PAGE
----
Hometown America rescinded its rent increase rather than provide financial data!


#1

Hometown America rescinded its 2019 rent increase rather than provide specific financial information supporting its return on investment, finally allowing the HOA to receive some justice.

After three years of arbitration and court battles, an arbitrator required Hometown to actually prove that its ROI has gone down - at that point, Hometown rescinded its rent increase rather than divulge its huge ROI and supporting financial records.

For the past three years the HOA has taken Hometown to arbitration/court, winning the denial of some of the rent increases.

It is the HOA’s contention that Hometown America continues to use predatory pricing practices against many older, low-income and sick tenants living in low-income housing. Hometown continues to engage in predatory practices even though the Rent Justification Law was passed to protect tenants from such practices in 2013.

In 2016 Hometown offered tenants two options: one was a 10-year option that required tenants a minimum increase of 2.5 percent and a maximum of 5 percent. This is Hometown’s preferred option because it gave them a much larger guaranteed increase over a 10-year period and tenants would lose their arbitration rights. The second option allowed tenants to stay in their original lease, but they charged the entire cost of a bulkhead repair all in one year for both 2017 and 2018.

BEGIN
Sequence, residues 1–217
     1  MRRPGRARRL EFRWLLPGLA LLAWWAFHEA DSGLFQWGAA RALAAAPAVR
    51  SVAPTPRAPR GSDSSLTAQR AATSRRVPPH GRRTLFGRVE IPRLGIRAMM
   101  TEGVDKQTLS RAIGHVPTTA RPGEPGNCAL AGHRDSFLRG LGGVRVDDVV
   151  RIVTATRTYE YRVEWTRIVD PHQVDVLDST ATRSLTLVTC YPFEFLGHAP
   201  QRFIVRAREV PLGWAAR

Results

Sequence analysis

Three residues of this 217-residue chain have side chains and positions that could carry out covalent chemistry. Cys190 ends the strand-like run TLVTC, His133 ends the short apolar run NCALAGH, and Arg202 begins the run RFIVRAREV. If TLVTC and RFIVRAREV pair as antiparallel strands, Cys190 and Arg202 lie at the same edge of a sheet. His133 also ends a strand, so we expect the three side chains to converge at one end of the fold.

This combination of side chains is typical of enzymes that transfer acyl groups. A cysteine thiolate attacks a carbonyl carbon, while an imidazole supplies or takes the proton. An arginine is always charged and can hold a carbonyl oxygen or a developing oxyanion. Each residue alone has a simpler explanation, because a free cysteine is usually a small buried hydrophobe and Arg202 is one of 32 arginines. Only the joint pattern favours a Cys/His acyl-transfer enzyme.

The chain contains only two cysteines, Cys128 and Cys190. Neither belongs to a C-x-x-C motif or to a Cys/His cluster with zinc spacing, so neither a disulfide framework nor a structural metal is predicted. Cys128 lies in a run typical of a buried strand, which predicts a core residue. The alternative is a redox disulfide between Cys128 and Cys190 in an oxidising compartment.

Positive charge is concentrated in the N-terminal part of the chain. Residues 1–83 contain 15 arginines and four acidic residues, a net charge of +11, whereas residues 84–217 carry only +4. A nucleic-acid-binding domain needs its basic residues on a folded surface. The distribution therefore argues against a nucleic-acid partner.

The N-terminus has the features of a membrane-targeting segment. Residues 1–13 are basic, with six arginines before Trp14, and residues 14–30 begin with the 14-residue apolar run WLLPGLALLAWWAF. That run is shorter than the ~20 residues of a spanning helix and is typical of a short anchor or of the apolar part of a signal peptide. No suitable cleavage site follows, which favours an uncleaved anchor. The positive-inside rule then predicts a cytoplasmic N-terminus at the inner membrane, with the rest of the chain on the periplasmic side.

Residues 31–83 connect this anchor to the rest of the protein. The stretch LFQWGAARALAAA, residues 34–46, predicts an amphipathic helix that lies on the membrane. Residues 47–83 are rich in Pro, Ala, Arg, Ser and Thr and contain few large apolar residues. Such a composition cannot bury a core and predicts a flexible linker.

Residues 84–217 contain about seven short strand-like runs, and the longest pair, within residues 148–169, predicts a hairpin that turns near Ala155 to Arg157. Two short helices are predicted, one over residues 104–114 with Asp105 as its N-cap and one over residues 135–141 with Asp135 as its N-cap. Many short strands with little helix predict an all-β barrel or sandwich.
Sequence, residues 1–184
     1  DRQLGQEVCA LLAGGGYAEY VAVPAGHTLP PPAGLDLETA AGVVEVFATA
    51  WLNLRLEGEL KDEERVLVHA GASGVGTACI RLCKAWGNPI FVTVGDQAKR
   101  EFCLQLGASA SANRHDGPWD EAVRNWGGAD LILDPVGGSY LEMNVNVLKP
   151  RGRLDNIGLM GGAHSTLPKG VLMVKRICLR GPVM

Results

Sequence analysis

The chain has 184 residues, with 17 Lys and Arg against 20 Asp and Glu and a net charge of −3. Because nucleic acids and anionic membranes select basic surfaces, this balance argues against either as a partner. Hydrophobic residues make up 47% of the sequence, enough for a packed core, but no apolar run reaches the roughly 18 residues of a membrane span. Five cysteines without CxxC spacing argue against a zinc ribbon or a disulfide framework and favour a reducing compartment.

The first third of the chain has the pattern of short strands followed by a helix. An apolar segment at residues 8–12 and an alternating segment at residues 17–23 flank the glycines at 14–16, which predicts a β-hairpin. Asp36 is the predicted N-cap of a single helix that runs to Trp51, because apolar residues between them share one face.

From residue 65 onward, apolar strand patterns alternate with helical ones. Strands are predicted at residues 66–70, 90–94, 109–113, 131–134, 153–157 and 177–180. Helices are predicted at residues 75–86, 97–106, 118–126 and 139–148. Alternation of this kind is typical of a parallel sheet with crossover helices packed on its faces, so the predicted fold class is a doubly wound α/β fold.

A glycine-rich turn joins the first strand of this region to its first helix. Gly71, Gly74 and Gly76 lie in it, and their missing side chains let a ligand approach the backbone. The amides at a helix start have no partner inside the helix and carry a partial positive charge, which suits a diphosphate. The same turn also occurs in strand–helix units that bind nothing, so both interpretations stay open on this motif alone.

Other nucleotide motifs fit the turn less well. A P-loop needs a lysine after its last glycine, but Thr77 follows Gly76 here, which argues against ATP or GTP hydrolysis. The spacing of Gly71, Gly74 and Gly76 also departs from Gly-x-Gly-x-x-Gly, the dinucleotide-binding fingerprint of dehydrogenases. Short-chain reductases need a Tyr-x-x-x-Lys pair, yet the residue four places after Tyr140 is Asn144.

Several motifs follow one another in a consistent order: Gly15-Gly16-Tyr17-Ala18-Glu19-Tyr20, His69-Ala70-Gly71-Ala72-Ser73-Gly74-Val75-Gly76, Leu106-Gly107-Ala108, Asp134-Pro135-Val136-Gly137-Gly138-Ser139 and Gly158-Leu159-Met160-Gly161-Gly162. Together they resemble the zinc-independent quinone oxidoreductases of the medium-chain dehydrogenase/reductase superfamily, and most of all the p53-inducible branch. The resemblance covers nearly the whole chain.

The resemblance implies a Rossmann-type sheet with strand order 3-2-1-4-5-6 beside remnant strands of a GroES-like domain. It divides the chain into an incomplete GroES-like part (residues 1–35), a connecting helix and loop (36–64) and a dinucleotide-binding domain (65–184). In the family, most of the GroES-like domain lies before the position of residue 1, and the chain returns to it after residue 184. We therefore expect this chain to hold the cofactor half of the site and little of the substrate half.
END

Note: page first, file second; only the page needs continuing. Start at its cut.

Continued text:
They did this even though the bulkhead had at least 20 useful years and the cost should have been spread out over 20 years. The resulting average increase in 2017 and 2018 respectively is about 18 percent and 14 percent that is charged in perpetuity (forever in the base rent).

These huge illegal increases effectively forced/coerced low-income tenants into the only option they could afford - the 10-year Hometown-preferred option.

Further, Hometown indicated that these large illegal increases could continue forever if tenants remained in their current lease - placing even greater pressure on low-income tenants effectively forcing them into the 10-year option.


#2

Not sure who or what HOA is. This term typically refers to Home Owners Association and is usually formed by residents of site built home communities, condominium unit owners, manufactured home owners in land lease communities aka mobile home parks, etc. So please clarify.


#3

It would appear that this issue revolves around the State of Delaware. I guess that Delaware is attempting to discourage investing there. They’re certainly doing a good job of that!